Similar to a study conducted in Heilongjiang Province of China that reported a significant difference in the mean EQ-5D utility score by age group (≥ 25 vs < 25 years, -0.157 (-0.282, -0.032, p = 0.014)) [17], we found statistically significant differences in EQ-5D-5L index and EQ-VAS scores among participants with different age categories. In addition, EQ-VAS scores showed statistically significant differences between different medical service payment methods, and a similar association was shown in Chinese studies [17, 34]. The present study identified that age, living longer with hemophilia, and coming from out of Addis Ababa as significant negative predictors of HRQoL. The decline of HRQoL in older individuals could be attributed to increased deterioration of physical functioning, which might increase the progression of joint damages and ultimately reduction in overall HRQoL. Likewise, lower HRQoL among hemophilic patients living with the disease for a longer time could be explained mainly due to the progression and worsening of the disease conditions and disability. Furthermore, hemophilic patients who came from outside of Addis Ababa had lower HRQoL, which might be attributed to that those patients travel a long distance to get the services to the capital city as it is the only hemophilic center in the country and this could be the reason why those patients had lower HRQoL. The government should expand HTCs in different corners of the country and stakeholders shall also be involved in public awareness about hemophilia. This would be the best remedy to enhance patients' HRQoL which in turn increases patient satisfaction.

Limitations of the study

Recruiting participants with rare diseases was challenging and limited the sample size in our study as there were only 452 patients registered since the centre's establishment. The study included only patients who attended the HTC during the study period and those who did not seek care at the hospital or who were unable to attend the clinic may have different experiences in their HRQoL. Being a cross-sectional design in its nature, establishing causal relationships or the assessment of changes in HRQoL over time was not allowed. The study was conducted over a relatively short period which may not be possible to capture seasonal variations or long-term changes in HRQoL among hemophilia patients. Being uncircumcised may also have a negative impact on the HRQoL of our patients especially on the anxiety/ depression domain of EQ-5D-SL which we didn’t study.

Conclusions

In general, we found that living with hemophilia, had a profound negative effect on patients’ HRQoL. Most patients reported problems with pain/discomfort and performing usual activities. The median EQ-5D-5L utility and EQ-VAS scores in hemophilia patients were 0.69 and 71, respectively. Older age, living far from the HTC, and longer periods since diagnosis were significantly negatively associated with HRQoL. Therefore, future intervention efforts aimed at improving HRQoL in hemophilia patients should be designed to address these factors. The HRQoL of hemophilia patients in low-income countries may be improved by expanding treatment centers in different parts of the county enhancing healthcare systems and providing psychosocial support.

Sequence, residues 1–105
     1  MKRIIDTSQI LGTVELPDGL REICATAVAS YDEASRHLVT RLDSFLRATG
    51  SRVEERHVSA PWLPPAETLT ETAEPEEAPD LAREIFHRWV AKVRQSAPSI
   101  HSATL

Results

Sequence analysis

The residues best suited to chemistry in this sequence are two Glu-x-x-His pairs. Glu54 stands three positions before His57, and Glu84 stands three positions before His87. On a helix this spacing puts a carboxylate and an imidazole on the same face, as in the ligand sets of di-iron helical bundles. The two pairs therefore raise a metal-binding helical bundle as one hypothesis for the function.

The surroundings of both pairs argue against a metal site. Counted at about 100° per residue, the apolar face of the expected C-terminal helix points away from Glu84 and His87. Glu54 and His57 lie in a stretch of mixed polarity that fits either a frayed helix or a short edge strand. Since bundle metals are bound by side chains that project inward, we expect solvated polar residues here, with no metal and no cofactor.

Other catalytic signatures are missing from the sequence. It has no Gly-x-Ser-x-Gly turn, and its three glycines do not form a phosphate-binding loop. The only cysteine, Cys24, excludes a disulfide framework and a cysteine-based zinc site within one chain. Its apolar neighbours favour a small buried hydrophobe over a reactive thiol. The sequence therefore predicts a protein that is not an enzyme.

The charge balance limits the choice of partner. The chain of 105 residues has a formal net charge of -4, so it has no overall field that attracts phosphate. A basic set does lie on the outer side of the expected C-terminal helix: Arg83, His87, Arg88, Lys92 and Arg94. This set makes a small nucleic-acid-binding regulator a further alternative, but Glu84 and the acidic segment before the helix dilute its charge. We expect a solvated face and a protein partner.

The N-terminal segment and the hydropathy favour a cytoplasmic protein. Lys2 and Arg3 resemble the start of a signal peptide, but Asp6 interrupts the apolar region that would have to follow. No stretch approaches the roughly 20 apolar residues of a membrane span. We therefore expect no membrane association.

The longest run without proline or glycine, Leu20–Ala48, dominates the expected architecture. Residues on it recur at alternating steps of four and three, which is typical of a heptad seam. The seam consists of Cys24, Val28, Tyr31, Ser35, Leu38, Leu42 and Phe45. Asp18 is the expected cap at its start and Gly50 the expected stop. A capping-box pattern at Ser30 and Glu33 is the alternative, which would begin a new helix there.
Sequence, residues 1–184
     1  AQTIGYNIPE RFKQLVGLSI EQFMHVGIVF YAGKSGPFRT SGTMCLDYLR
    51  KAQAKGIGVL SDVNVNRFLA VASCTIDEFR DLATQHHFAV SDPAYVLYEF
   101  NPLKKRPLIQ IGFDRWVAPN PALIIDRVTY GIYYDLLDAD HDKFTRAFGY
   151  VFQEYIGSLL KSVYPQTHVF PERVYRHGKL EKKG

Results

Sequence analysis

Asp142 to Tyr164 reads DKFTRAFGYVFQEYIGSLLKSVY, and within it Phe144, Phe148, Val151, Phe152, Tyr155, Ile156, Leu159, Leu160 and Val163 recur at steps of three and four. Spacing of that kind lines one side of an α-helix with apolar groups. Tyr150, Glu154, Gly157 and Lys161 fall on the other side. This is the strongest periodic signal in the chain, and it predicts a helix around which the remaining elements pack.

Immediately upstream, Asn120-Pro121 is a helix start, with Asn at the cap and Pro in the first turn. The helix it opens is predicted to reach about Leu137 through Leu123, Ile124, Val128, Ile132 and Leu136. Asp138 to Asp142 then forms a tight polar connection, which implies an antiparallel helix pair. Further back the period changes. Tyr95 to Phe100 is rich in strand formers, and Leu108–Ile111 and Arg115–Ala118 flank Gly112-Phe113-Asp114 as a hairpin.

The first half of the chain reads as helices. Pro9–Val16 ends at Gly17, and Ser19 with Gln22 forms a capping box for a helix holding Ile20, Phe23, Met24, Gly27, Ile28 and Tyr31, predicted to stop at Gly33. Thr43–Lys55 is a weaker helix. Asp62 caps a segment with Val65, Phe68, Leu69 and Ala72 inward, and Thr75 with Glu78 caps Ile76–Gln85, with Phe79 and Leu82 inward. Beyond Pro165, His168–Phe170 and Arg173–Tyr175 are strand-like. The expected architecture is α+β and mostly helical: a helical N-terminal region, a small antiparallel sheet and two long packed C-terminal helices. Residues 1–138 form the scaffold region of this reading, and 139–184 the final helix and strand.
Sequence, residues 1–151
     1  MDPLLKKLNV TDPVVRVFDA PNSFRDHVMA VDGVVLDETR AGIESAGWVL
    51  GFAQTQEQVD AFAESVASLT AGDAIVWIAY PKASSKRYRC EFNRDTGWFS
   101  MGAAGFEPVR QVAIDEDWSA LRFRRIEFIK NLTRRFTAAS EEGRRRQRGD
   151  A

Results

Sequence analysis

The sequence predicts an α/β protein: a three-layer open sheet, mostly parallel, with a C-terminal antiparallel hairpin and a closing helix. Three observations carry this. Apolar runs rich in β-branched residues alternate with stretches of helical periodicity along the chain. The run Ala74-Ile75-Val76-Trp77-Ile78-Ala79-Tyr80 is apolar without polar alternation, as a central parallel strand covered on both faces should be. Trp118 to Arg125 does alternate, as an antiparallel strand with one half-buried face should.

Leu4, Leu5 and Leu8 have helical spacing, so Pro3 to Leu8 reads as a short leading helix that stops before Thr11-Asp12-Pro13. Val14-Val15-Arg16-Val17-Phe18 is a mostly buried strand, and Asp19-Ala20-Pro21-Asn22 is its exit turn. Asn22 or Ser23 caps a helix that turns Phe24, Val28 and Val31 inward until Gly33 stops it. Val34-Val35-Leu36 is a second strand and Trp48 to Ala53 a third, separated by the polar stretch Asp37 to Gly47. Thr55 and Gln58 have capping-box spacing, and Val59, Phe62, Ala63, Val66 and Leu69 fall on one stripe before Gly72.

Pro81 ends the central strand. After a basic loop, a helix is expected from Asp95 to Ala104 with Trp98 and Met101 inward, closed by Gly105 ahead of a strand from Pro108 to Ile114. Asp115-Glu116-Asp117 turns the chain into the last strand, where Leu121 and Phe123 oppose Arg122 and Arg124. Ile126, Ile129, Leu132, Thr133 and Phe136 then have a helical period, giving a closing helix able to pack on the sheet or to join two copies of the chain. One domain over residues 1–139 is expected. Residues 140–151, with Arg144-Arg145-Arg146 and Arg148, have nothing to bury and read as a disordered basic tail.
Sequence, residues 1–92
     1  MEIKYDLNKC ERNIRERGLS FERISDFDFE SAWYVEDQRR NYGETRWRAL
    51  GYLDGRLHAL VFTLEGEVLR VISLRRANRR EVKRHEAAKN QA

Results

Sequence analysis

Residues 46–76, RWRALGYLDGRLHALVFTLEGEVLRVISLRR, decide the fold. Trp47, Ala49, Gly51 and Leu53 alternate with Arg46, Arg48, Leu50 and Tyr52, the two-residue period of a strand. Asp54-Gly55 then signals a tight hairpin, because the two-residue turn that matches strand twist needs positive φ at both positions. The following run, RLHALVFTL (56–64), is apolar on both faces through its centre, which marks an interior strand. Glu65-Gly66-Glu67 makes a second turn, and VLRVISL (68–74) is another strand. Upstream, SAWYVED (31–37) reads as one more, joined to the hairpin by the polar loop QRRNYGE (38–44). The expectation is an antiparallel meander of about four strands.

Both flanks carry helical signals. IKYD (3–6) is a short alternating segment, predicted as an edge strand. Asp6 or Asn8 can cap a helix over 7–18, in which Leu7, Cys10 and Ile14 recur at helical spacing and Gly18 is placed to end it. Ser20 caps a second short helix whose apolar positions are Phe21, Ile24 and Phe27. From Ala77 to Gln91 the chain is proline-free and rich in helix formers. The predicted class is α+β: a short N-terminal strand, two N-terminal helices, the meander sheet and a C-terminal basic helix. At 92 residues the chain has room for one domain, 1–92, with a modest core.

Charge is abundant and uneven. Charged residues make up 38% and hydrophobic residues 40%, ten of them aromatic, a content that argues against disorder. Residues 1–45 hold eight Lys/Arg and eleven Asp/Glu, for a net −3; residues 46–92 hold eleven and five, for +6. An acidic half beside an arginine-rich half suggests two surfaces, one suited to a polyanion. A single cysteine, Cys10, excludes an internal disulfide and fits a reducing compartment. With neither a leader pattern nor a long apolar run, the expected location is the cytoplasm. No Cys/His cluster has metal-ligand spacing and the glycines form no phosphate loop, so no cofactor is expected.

Availability of data and materials

The datasets used and/or analyzed during the current study are available from the corresponding author upon reasonable request.

Abbreviations

EQ-5D-5L:

Euro Quality of Life Group’s 5-Domain Questionnaires 5 Levels

EQ-VAS:

Quality of Life Group’s Visual Analog Scale

HTC:

Hemophilia Treatment Centre

HRQoL:

Health-Related Quality of Life

TASH:

Tikur Anbessa Specialized Hospital

WFH:

World Federation of Hemophilia

WHO:

World Health Organization

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Acknowledgements

The authors would like to thank all the study participants for their time and willingness to participate in the study. We would also like to forward our sincere gratitude to the outpatient hematology clinic TASH, Department of Pharmacology and Clinical Pharmacy, School of Pharmacy, College of Health Science, Addis Ababa University, and the data collectors for their support throughout the study period.

Funding

This study did not receive any external funding.

Author information

Authors and Affiliations

Authors

Contributions

Conceptualization and design of the study: SI and TAT. Data collection and initial data analysis: SI, TAT, and GTT. Data analysis and interpretation: SI, TAT, AG, and GTT. Preparation of the manuscript: SI, TAT, and GTT. DAB, GTT, TAT, and AG critically reviewed and edited the manuscript’s first and subsequent drafts. All the authors have read and approved the final manuscript.

Corresponding author

Correspondence to Tamrat Assefa Tadesse.

Ethics declarations

Ethics approval and consent to participate

This study protocol was approved by the Ethical Review Committee of the School of Pharmacy, College of Health Sciences, Addis Ababa University, Ethiopia (ERB/SOP/477/15/2023). A written informed consent was obtained from each study participant before data collection.

Consent for publication

Not applicable.

Competing interests

All the authors declare there are no competing interests.

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Supplementary Information

Additional file 1.

 Percentage of self-reported health problems among patients with hemophilia.

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Iyar, S., Gebremariam, G.T., Beyene, D.A. et al. Health-related quality of life and its associated factors among hemophilia patients: experience from Ethiopian Hemophilia Treatment Centre. J Pharm Health Care Sci 10, 3 (2024). https://doi.org/10.1186/s40780-023-00326-6